tn = a + (n-1) * d

tn = last term of series
a = first term of the series
n = # of terms in the series
d = difference between each term
Manager
Joined: 16 Sep 2010
Posts: 120
Location: India
Schools: Terry, Georgia Tech
WE 1: Working for Wipro Technologies since April 2010
Re: even multiples of 15 between 295 and 615  [#permalink]

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27 Sep 2010, 21:13
3
Orange08 wrote:
If integer k is equal to the sum of all even multiples of 15 between 295 and 615, what is the greatest prime factor of k?
5

7

11

13

17

i followed a more conventional path....

even multiples mean the common difference is 30.

therefore number of terms = (600 -300)/30 + 1 = 11

Sum = 11 ( 600 + 10 * 30 )/2 ie n[2a + {n-1}d]/2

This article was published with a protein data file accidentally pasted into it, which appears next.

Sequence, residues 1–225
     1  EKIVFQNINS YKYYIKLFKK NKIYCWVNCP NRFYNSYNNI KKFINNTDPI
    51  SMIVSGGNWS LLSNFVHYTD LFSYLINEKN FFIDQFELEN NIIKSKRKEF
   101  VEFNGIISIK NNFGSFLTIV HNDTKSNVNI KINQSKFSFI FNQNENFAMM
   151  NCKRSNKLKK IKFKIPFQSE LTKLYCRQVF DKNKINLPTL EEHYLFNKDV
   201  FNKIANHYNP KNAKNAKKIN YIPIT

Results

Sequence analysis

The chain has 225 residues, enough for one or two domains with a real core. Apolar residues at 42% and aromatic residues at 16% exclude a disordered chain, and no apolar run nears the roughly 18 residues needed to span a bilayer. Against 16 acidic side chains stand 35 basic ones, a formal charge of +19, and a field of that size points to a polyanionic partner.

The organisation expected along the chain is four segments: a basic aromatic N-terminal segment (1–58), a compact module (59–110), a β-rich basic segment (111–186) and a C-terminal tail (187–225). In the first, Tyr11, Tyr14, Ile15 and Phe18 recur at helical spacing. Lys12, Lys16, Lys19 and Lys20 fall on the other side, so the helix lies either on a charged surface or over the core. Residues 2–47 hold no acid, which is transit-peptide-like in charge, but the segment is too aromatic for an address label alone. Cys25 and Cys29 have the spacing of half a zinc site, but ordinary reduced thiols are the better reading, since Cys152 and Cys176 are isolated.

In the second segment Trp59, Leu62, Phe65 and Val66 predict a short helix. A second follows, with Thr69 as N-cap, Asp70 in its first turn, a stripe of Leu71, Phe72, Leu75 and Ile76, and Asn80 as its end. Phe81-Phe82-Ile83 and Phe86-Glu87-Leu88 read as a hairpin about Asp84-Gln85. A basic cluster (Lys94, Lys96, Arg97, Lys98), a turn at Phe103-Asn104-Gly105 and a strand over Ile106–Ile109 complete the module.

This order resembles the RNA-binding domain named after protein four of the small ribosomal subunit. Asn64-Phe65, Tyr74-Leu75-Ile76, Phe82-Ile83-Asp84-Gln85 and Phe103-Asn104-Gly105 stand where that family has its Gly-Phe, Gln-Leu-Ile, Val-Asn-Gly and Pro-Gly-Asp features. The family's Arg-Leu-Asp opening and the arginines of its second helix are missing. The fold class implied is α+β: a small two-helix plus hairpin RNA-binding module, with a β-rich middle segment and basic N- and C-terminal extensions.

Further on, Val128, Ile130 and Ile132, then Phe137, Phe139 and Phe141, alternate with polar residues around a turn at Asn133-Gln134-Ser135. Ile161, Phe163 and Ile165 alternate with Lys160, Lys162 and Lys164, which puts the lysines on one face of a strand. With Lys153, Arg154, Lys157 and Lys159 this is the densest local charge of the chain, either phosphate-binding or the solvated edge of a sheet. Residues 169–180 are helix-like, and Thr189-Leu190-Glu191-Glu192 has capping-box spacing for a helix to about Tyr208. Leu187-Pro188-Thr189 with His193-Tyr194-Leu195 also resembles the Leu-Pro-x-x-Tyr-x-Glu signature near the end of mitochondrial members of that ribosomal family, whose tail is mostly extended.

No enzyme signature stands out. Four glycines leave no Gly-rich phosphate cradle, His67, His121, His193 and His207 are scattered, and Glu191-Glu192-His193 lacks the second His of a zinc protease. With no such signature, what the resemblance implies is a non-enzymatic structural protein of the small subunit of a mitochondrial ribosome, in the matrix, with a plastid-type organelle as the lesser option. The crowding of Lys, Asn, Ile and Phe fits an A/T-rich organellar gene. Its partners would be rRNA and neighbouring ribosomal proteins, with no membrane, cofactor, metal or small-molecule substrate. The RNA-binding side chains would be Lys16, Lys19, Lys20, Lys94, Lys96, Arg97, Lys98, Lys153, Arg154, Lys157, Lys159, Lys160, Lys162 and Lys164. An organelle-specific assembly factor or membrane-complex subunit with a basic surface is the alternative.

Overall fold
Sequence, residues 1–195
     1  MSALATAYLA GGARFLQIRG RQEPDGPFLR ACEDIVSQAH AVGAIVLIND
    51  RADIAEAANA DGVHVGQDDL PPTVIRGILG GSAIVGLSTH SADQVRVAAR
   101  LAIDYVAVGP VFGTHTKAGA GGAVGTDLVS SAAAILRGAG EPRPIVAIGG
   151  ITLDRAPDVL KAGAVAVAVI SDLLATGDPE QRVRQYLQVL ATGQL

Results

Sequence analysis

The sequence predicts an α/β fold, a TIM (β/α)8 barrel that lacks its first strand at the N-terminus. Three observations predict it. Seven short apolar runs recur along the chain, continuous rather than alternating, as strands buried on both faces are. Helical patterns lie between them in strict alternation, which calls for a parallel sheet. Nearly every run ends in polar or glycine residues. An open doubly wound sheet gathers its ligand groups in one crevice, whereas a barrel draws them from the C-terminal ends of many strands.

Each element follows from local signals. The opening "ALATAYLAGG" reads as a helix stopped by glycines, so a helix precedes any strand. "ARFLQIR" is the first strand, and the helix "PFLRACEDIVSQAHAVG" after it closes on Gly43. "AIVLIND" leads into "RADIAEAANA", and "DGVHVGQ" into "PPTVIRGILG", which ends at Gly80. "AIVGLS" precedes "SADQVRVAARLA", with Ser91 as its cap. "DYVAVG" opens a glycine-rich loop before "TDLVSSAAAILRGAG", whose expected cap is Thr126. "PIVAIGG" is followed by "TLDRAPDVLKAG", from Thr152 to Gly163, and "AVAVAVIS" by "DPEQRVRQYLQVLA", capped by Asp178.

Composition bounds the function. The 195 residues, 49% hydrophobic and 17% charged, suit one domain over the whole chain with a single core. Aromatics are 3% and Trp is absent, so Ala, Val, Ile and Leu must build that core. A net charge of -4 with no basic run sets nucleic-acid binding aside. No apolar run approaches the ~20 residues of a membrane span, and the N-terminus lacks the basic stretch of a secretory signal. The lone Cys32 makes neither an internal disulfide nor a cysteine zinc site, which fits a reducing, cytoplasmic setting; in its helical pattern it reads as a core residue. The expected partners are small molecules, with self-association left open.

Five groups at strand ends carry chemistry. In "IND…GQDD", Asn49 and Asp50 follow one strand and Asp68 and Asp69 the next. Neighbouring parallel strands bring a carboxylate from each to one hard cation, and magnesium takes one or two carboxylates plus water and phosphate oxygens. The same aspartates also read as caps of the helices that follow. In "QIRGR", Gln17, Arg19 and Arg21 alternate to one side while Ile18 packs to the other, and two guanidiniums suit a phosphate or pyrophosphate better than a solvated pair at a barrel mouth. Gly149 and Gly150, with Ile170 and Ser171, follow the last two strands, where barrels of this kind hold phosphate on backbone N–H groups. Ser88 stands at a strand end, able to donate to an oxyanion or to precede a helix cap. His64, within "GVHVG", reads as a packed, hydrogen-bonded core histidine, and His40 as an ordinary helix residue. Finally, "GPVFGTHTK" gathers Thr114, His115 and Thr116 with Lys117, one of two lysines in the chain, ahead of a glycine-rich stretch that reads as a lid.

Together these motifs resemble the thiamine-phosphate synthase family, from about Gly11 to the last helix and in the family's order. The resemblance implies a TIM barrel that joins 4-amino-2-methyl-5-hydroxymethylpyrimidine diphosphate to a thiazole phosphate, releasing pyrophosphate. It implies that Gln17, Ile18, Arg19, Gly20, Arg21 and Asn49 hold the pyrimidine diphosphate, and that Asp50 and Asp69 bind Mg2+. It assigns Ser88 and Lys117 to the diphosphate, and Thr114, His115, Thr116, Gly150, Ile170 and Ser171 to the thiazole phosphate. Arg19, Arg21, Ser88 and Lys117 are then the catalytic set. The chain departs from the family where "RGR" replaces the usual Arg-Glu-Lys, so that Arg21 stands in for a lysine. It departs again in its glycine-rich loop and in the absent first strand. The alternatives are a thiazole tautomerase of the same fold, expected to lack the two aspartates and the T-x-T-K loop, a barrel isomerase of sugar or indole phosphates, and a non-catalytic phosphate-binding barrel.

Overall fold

= 4950
= 2 * 5^2 * 3^2 * 11

Thus, 11 ANS
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Manager
Joined: 15 Apr 2010
Posts: 114
Re: Even multiples of 15  [#permalink]

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04 Oct 2010, 07:21
3
The even multiples of 15 in the given range would be 300, 330, 360, 390.....600. Since this is an arithmetic progression, the sum i.e., k can be calculated using the following formula:
(n/2)*(first term+last term)

In order to calculate n we can use the following formula:
a[n] = a[1] + (n-1)*d
600 = 300 + (n-1)*30
n = 11

Substituting the value of n in the formula to calculate sum, we get k = 11*450 and if you factorize 450, you will get all the factors less than 11. Hence the greatest prime factor of k is 11.
Senior Manager
Affiliations: SPG
Joined: 15 Nov 2006
Posts: 301

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05 Jan 2011, 00:21
K is the sum of multiples of 30 between 295 and 615.

K= 30 (10+11 …+20)
10+11+…20 = 11/2(10+20)=15*11
K=30*15*11

11 is the greatest prime factor
new &nbs [#permalink] 05 Jan 2011, 00:21